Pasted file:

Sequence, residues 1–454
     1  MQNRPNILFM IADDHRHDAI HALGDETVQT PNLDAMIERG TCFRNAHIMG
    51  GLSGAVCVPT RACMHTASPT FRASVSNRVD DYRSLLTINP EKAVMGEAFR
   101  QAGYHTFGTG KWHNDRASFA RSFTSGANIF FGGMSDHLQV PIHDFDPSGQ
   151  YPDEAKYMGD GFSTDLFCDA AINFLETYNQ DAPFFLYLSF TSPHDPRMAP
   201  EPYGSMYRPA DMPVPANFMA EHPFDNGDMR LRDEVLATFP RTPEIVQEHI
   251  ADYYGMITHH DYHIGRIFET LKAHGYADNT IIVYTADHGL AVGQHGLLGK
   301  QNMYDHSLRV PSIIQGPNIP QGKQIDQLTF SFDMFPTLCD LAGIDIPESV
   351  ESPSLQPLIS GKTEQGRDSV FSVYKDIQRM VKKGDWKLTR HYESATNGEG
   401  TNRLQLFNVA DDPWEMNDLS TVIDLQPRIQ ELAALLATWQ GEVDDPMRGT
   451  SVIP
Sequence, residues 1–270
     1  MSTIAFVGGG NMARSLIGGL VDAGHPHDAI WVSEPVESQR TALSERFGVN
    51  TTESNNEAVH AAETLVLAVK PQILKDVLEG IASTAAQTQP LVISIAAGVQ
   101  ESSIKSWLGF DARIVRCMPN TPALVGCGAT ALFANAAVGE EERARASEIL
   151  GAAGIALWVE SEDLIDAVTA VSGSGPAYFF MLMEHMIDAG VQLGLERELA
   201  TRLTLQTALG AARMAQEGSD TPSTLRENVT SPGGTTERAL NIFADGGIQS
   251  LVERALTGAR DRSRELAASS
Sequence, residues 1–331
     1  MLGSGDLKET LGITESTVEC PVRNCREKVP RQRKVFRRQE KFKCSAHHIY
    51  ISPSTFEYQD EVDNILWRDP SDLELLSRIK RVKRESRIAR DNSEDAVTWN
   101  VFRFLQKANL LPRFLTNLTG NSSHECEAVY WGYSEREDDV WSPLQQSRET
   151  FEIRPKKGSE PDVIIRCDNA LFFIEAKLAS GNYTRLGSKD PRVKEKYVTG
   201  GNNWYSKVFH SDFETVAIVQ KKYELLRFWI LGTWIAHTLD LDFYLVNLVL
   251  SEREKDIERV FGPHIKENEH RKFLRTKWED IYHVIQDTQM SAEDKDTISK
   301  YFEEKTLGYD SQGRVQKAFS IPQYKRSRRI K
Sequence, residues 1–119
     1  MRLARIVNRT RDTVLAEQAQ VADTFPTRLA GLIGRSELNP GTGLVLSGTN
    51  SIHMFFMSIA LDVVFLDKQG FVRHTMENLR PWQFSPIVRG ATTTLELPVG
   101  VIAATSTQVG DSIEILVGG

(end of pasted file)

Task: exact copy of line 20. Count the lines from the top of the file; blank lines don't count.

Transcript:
     1  MLGSGDLKET LGITESTVEC PVRNCREKVP RQRKVFRRQE KFKCSAHHIY